These boots are made for obstructing. While generating double emulsions using glass capillaries looks easy, there are actually a few tricks for making it work. One is the careful alignment between the injection and collection glass capillaries. The other is preventing the wrong fluids from wetting the surfaces of the capillaries. Here we show wetting in the form of an ‘oil boot’ that pushes down on water-oil- water double emulsions as they exit the device; this is seen in the video.
Wetting can interfere with the flow dynamics making it impossible to generate double emulsions or very difficult to produce complex double emulsions. How fluids wet the glass capillary surface depends on the interaction between the fluids with glass. Often we treat the surface of the capillaries with hydrophobic or hydrophilic silanes; the choice of silanes we use depends on whether or not we are making water-oil-water or oil-water-oil double emulsions. And with some fluids, particularly when encapsulating gas, it is better not to treat the capillaries at all. (Video credit: L. L. A. Adams)
Mirror Symmetry.The word chiral is derived from the Greek word meaning hand. If the two mirror images do not coincide with any possible rotation then they are said to be chiral. If the two mirror images can be superimposed onto each other, then the emulsions are not chiral as shown in the images above. By flipping or rotating the “mirror image” emulsions out of plane, they do, in fact, coincide; these emulsions are not chiral. (Image credits: L. L. A. Adams)
Why does salt dissolve in water and not oil? Positive and negative charges on water molecules are attracted to sodium and chloride ions as seen in the image above. Water molecules “hydrate” sodium and chloride ions, keeping them separate in water, which, when you think about it, is quite extra-ordinary. And preventing salt’s ions from re-combining is something that water is particularly good at because it forms this protective sheath around the ions. All the more interesting is that while water can keep salt ions separated, even at room temperature, oil cannot. What are the differences between water and oil? Water and oil have many differences; here, we will focus on their very different dielectric constants. Water has a dielectric constant of 80, while oil has a dielectric constant of only 2. This means that it is easier to polarize water than oil. It also means that the energy associated with ‘how attracted’ two ions of opposite charges are to each other in water is much weaker than in oil. The oppositely charged ions do not see each other in water because of this sheath that forms around them, and whether or not there is a sheath depends, in part, on the strength of the dielectric constant of the fluid they are immersed in.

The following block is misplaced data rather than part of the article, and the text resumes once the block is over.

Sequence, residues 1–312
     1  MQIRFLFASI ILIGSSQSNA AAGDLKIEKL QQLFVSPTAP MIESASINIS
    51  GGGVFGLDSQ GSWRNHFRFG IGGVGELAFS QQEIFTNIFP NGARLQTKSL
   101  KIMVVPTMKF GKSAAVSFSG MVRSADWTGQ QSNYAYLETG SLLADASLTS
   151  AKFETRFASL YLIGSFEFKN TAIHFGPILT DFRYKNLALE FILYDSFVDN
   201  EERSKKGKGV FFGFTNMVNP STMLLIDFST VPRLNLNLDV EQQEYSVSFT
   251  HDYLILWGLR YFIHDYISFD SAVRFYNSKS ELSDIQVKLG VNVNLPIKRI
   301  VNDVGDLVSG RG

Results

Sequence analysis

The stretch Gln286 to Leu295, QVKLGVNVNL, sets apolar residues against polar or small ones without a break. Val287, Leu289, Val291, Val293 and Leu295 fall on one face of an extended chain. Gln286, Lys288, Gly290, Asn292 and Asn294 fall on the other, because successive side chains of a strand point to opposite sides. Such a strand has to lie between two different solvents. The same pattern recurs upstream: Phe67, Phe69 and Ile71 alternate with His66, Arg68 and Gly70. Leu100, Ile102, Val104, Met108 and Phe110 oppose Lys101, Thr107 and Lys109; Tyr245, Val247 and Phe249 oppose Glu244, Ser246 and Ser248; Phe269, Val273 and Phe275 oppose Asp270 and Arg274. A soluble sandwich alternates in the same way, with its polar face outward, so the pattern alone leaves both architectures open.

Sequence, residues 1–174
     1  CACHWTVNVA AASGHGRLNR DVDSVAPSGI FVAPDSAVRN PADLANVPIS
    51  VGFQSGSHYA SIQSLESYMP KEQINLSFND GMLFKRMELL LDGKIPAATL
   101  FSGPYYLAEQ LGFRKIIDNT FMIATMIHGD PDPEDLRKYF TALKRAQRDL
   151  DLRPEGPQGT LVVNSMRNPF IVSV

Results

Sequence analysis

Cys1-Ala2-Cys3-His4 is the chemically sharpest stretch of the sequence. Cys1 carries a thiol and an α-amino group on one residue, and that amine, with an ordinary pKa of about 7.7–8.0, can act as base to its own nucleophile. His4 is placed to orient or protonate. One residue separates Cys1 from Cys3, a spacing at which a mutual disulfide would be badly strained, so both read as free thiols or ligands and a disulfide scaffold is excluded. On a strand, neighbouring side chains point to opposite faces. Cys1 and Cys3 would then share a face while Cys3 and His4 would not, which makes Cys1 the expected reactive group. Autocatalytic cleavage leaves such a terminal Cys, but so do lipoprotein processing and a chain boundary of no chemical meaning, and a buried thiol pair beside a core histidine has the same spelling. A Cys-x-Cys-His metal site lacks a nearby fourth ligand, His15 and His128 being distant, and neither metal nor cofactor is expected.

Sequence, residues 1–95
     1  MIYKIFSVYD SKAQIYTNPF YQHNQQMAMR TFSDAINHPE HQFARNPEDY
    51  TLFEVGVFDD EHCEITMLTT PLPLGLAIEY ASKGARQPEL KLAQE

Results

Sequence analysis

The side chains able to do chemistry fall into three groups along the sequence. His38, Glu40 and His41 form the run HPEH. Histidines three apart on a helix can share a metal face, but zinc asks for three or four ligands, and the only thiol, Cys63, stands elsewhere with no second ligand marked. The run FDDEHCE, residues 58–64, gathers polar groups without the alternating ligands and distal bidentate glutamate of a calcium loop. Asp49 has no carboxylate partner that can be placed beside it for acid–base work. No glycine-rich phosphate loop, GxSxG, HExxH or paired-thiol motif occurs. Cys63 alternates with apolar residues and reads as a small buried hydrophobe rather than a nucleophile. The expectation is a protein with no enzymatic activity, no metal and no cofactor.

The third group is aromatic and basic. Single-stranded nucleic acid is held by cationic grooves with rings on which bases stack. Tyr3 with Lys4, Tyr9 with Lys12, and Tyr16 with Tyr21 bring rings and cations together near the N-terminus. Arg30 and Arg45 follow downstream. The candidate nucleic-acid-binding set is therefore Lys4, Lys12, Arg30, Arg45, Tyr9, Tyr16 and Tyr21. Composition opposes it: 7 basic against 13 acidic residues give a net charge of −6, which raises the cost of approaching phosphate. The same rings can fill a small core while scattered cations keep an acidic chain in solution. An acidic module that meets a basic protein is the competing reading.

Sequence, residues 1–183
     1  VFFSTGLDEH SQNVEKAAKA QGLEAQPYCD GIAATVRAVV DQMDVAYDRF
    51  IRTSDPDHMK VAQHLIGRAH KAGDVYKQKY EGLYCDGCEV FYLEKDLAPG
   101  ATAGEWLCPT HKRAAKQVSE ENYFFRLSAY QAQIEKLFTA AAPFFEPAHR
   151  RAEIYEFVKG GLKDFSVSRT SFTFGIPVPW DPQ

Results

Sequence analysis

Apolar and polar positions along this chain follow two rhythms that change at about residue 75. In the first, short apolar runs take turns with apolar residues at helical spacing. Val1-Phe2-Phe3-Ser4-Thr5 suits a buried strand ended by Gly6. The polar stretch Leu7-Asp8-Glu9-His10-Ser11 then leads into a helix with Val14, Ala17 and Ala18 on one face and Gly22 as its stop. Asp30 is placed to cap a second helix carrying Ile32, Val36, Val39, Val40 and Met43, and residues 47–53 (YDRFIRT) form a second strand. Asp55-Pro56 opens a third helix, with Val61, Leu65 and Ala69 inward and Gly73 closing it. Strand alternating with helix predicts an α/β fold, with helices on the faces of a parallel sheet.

It turns out that if the thermal energy, kT, is small enough, then salt will not dissolve because the attractive energy has to be less than kT for ions to remain dissociated. There is also a length scale to think about; this is called the Bjerrum length and it defines the distance between ions required for stable dissociation. For water, at room temperature, this distance is 0.7 nm which is the size of their hydrated sheaths, but for oil the distance is 28 nm. That means that salt ions cannot hide in oil unless there is a sheath of 28 nm in diameter to hide in. There are polymers or copolymers that are capable of sequestering ions into sheaths that are 28 nm; these sheaths with ions are called reverse micelles. (Image credit: L. L. A. Adams)
Caterpillar Emulsions. Not all drops pinch off from the orifice of a nozzle as spheres. By loading the inside of a drop of very small volume with drops that do not deform, caterpillar double emulsions emerge as seen in the video. The outer drop is oil with surfactants, and the inner drops are water. The dark and light colored drops are simply water dyed with two different colors, red and blue.
These caterpillars change shape moments after pinching off; they would much rather be spheres because of surface tension which favors minimizing their surface area. (Video credit: L. L. A. Adams)